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Russian President Vladimir Putin delivers his annual news conference in Moscow in December.

Russian President Vladimir Putin delivers his annual news conference in Moscow in December. (Andrey Rudakov/Bloomberg)

Almost eight weeks after Vladimir Putin sent troops into Ukraine, with military losses mounting and Russia facing unprecedented international isolation, a small but growing number of senior Kremlin insiders are quietly questioning his decision to go to war.

The ranks of the critics at the pinnacle of power remain limited, spread across high-level posts in government and state-run business. They believe the invasion was a catastrophic mistake that will set the country back for years, according to ten people with direct knowledge of the situation. All spoke on condition of anonymity, too fearful of retribution to comment publicly.

So far, these people see no chance the Russian president will change course and no prospect of any challenge to him at home. More and more reliant on a narrowing circle of hardline advisers, Putin has dismissed attempts by other officials to warn him of the crippling economic and political cost, they said.

Some said they increasingly share the fear voiced by U.S. intelligence officials that Putin could turn to a limited use of nuclear weapons if faced with failure in a campaign he views as his historic mission.

To be sure, support for Putin's war remains deep across much of Russia's elite, with many insiders embracing in public and in private the Kremlin's narrative that conflict with the West is inevitable and that the economy will adapt to the sweeping sanctions imposed by the U.S. and its allies. And public backing remains strong as the initial shock and disruption from sanctions has given way to a kind of surreal stability in Russia.

Still, more and more top insiders have come to believe that Putin's commitment to continue the invasion will doom Russia to years of isolation and heightened tension that will leave its economy crippled, its security compromised and its global influence gutted. A few business tycoons have made veiled statements questioning the Kremlin's strategy, but many powerful players are too fearful of the widening crackdown on dissent to voice their concerns in public.

The skeptics were surprised by the speed and breadth of the response by the U.S. and its allies, with sanctions freezing half of the central bank's $640 billion in reserves and foreign companies ditching decades of investment to shut down operations almost overnight, as well as the steadily expanding military support for Kyiv that's helping its forces to blunt the Russian advance.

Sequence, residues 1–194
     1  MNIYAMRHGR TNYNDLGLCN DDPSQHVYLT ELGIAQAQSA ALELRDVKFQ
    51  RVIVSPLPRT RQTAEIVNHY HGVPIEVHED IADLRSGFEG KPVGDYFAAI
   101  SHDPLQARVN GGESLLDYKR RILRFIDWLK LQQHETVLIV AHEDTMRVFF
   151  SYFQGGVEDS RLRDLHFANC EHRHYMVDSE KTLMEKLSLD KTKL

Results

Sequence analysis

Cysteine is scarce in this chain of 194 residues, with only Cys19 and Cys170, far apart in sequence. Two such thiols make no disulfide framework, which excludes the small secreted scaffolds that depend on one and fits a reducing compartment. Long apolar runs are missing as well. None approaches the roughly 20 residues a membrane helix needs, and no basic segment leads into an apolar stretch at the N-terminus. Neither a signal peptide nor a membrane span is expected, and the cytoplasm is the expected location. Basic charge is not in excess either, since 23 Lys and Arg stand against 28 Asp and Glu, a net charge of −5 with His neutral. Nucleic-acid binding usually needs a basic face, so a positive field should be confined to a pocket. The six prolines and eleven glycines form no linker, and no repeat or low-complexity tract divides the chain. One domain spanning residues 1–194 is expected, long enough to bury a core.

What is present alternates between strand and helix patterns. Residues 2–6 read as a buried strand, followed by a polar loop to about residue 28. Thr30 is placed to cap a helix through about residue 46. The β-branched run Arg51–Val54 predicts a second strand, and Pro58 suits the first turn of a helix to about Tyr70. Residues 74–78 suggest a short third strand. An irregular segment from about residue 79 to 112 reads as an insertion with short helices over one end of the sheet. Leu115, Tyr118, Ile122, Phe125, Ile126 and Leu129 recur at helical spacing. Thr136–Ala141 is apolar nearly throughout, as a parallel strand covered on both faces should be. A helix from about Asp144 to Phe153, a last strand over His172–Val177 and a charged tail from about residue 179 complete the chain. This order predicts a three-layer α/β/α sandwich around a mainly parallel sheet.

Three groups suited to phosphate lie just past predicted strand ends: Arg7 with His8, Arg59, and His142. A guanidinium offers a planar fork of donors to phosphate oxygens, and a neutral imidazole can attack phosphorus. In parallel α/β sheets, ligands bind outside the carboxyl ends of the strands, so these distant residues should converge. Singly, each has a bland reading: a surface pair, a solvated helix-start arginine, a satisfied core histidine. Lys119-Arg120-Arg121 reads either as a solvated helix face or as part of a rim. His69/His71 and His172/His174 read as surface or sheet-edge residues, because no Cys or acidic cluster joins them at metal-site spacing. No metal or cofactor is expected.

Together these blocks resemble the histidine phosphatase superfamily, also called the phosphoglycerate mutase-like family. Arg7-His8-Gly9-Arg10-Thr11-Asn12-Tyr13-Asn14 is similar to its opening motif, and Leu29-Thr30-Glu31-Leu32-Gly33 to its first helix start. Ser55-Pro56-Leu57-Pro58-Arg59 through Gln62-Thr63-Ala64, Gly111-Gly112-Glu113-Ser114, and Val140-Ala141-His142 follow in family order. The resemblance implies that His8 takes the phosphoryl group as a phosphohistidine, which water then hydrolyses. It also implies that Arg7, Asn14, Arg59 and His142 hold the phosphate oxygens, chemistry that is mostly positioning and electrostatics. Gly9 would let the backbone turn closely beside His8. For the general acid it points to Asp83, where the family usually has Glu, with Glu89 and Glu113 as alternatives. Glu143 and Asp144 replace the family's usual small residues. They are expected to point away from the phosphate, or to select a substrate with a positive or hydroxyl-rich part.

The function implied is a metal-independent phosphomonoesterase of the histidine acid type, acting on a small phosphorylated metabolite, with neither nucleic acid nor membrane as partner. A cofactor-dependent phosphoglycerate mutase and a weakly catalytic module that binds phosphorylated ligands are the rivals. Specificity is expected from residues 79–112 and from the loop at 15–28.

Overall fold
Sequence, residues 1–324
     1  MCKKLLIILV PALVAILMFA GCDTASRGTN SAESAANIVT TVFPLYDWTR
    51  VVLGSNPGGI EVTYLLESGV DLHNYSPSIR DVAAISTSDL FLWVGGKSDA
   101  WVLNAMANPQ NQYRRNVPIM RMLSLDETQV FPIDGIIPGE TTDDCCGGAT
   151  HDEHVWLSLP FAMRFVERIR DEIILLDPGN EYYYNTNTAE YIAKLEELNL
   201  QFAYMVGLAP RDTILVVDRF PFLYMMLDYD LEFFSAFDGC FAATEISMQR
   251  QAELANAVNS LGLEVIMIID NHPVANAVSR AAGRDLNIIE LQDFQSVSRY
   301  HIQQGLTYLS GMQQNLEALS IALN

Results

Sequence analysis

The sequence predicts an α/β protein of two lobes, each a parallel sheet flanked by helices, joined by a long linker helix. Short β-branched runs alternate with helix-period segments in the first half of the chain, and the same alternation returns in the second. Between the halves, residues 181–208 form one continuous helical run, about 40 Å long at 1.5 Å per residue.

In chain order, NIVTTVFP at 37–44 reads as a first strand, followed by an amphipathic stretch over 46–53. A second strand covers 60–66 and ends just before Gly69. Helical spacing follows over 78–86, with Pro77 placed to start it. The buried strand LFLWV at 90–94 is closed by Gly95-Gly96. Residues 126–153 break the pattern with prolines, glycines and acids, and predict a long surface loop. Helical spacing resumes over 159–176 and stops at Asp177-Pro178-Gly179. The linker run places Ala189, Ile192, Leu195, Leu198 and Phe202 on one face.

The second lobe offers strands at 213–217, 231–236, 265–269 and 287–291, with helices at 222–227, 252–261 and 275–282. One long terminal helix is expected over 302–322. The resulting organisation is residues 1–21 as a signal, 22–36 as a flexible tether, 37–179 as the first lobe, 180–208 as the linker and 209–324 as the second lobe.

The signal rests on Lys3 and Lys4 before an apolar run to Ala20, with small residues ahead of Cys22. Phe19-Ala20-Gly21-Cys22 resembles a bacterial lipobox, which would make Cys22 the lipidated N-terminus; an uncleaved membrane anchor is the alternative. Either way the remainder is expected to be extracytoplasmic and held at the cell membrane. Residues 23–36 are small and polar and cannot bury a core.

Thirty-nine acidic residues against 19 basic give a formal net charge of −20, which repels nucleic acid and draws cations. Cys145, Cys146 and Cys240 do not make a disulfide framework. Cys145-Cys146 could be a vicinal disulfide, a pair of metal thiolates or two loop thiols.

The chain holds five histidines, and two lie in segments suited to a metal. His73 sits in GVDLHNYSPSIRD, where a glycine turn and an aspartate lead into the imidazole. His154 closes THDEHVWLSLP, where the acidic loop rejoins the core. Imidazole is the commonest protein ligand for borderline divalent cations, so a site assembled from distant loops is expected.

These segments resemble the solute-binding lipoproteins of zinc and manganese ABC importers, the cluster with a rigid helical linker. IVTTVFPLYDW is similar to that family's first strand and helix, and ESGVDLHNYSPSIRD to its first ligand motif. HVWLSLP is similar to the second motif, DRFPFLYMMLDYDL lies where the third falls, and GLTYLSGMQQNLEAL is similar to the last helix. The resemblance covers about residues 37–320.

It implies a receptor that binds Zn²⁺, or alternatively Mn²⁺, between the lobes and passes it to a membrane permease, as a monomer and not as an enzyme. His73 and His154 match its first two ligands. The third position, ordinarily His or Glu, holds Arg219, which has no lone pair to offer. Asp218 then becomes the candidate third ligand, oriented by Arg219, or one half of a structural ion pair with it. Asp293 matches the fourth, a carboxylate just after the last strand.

Senior officials have tried to explain to the president that the economic impact of the sanctions will be devastating, erasing the two decades of growth and higher living standards that Putin had delivered during his rule, according to people familiar with the situation.

Putin brushed off the warnings, saying that while Russia would pay a huge cost, the West had left him no alternative but to wage war, the people said. Publicly, Putin says the "economic Blitzkrieg" has failed and the economy will adapt.

The president remains confident that the public is behind him, with Russians ready to endure years of sacrifice for his vision of national greatness, they said. With the help of tough capital controls, the ruble has recovered most of its initial losses and while inflation has spiked, economic disruption remains relatively limited so far.

Putin is determined to push on with the fight, even if the Kremlin has had to reduce its ambitions from a quick, sweeping takeover of much of the country to a grueling battle for the Donbas region in the east. Settling for less would leave Russia hopelessly vulnerable and weak in the face of the threat seen from the U.S. and its allies, according to this view.